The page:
Sidney Jones, Singapore
When I think of the people who had the most impact in bringing about a democratic Indonesia, Munir would be up there near the top. He was everything a human rights champion should be: principled, tough, smart, funny, and fearless. He stood up to people in power, he made them angry, he got threat after threat after threat, and he never gave up.
Some accused Munir of blackening Indonesia's image abroad. But he didn't -- he enhanced it. In the dying days of the Soeharto government and the traumatic first years of the transition, a common Western perception of Indonesia was of an authoritarian state, riddled with corruption and plagued by violence, that wasn't going to change.
But Munir personified a new generation, born in 1965, not mired in the mindset of the 1970s. He had a clear vision of what Indonesia should and could become, and no one was going to stop him or anyone else from getting there.
Anyone who met Munir knew reform was possible. Not just possible, that's too weak -- inevitable. There would be rule of law. There would be accountability. There would be justice. Just as he was convinced, when he cofounded the Commission for Missing Persons and Victims of Violence (Kontras), that the activists who disappeared would be found alive, and most were, he was also convinced that the ordinary Indonesians deserved and could get a much better government than they had. When you met Munir, any negative stereotypes of Indonesia crumbled -- there was hope for real change.
After the devastating violence in East Timor in 1999, the Indonesian government at the time argued that it could do its own investigation; there was no need for an international commission.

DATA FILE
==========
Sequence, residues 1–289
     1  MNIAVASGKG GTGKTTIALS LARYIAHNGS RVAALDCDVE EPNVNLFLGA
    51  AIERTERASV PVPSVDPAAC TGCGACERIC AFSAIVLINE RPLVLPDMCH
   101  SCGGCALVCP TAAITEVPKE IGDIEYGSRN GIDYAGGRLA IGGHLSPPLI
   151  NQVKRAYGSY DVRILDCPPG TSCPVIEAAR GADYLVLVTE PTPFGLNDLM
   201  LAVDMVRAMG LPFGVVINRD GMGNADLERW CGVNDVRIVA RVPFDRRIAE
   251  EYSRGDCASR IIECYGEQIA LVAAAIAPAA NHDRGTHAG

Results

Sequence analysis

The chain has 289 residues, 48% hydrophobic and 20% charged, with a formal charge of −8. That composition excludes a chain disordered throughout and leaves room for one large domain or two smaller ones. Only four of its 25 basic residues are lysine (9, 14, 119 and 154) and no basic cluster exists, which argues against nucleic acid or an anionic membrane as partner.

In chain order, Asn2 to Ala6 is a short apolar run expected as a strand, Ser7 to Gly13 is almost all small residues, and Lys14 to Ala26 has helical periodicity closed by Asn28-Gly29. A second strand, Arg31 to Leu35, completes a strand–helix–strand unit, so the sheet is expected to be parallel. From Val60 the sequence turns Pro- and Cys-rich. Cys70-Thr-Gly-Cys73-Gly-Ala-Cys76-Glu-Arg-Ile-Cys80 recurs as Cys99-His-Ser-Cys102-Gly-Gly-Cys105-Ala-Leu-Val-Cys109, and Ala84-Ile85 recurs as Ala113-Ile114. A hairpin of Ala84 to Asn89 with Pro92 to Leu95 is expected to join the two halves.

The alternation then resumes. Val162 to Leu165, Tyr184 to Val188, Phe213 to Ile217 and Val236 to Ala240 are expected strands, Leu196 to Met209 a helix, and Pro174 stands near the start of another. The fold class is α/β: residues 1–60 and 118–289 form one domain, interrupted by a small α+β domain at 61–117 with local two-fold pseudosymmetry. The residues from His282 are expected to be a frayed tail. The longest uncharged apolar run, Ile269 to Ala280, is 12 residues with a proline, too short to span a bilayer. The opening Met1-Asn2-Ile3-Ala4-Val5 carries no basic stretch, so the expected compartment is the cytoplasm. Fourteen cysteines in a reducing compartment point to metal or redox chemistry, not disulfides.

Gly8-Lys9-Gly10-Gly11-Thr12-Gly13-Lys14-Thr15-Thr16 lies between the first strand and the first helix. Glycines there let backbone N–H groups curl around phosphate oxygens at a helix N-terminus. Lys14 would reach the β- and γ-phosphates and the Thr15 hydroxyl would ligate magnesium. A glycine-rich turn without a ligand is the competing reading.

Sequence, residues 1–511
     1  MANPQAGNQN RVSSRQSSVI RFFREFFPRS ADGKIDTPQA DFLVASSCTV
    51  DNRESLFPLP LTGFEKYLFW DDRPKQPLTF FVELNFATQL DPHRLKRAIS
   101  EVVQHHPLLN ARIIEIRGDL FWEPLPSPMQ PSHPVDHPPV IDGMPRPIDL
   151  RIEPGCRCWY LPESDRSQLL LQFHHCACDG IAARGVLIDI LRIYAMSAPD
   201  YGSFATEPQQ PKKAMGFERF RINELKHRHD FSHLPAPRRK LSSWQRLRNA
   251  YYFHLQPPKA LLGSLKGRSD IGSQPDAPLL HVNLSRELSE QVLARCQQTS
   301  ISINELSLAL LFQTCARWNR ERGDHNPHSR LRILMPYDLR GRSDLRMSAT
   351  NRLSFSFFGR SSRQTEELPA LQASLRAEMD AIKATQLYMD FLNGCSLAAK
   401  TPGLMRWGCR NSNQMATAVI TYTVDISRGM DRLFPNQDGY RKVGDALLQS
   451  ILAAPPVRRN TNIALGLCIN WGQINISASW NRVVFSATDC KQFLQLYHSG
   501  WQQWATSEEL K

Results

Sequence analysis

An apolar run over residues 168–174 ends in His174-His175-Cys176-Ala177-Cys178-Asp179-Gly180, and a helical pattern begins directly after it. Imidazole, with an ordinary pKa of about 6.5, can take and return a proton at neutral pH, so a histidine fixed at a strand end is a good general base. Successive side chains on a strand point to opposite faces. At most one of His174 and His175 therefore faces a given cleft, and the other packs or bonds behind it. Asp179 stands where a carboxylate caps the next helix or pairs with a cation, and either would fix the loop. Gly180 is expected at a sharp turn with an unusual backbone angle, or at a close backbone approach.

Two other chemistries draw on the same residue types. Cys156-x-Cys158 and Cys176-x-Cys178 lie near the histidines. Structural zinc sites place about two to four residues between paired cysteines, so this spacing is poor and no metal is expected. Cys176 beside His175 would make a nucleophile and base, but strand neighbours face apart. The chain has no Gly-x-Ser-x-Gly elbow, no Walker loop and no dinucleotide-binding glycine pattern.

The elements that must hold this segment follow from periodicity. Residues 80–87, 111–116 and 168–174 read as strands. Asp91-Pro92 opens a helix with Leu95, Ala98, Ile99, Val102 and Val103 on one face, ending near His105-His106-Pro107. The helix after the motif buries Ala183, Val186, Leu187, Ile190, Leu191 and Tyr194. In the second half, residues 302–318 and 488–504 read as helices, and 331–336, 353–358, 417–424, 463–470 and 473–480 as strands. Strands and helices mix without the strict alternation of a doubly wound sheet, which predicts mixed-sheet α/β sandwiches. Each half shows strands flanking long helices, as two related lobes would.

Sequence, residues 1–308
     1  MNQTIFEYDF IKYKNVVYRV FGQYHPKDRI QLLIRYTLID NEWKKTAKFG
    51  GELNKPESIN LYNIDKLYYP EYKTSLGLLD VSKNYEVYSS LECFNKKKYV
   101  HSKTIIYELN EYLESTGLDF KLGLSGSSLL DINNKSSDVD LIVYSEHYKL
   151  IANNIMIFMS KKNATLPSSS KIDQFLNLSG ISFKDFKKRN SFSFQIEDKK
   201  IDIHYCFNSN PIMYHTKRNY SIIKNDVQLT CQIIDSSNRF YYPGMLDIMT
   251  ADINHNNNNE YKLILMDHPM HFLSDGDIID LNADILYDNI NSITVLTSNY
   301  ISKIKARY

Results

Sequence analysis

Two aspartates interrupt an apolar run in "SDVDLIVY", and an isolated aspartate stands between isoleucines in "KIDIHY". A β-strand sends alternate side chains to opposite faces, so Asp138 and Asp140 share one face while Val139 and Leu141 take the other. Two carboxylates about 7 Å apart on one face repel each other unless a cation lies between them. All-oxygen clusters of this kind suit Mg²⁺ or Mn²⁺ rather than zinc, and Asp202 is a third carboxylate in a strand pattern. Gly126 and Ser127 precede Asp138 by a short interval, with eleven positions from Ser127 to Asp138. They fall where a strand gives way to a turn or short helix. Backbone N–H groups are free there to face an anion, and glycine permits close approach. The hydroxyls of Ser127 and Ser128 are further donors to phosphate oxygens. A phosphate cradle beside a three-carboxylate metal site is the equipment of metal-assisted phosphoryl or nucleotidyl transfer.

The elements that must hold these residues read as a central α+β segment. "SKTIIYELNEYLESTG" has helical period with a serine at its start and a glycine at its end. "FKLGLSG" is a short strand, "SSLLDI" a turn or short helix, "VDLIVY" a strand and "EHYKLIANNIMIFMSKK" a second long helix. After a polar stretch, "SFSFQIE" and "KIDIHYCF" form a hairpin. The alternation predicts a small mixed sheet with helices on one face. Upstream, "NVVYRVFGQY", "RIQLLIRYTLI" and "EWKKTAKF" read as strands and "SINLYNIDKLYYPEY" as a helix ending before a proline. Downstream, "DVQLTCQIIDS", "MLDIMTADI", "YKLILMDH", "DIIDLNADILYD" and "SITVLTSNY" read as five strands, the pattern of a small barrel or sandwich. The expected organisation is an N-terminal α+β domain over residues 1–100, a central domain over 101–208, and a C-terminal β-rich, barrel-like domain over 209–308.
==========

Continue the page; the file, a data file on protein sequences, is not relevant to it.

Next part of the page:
The world was skeptical, until the Commission of Inquiry into Human Rights Violations (KPP-HAM), of which Munir was a key member, produced a thorough, impartial report, far better and more detailed than the UN's own effort -- then all the doubters began to believe.
That the subsequent prosecutions didn't match the quality of that report was no fault of Munir's. Whenever he was involved, Indonesia's image abroad was positive, of a country that had turned a corner and could try dispassionately to right past wrongs.
I could never understand how someone so relentlessly subjected to attacks, verbal and physical, could remain such an optimist. He shrugged off the insinuations, innuendo, and downright lies that were hurled at him. He was an activist in the best sense of the word, doing things when other people just talked.
He got human rights monitoring posts set up in Aceh, he got people on the ground in Maluku as soon as the violence broke out, and he never forgot the families of the disappeared whose agony never ends as long as the fate of their relatives remains unknown.
Some people might have rested on their laurels, or moved into a less stressful job after winning an honor as prestigious as the Right Livelihood Award or being named Man of the Year by Ummat or being cited as a ""Young Leader for the Millennium in Asia"" by Asia Week magazine.
But Munir continued to argue for military reform and human rights protections with passion, humor, and an absolute conviction that he was right. The bombs in Malang, the attacks in 2002 and 2003 on the Kontras office didn't stop him in the slightest, nor did his serious health problems. I wish we'd all told him to slow down, but he wouldn't have paid attention anyway.
Munir was a very close friend, someone with whom I worked closely over the last six years. I can't imagine a world without him. My heart goes out to his family -- and to Indonesia.
The writer is Director of the Southeast Asia Project of International Crisis Group, Jakarta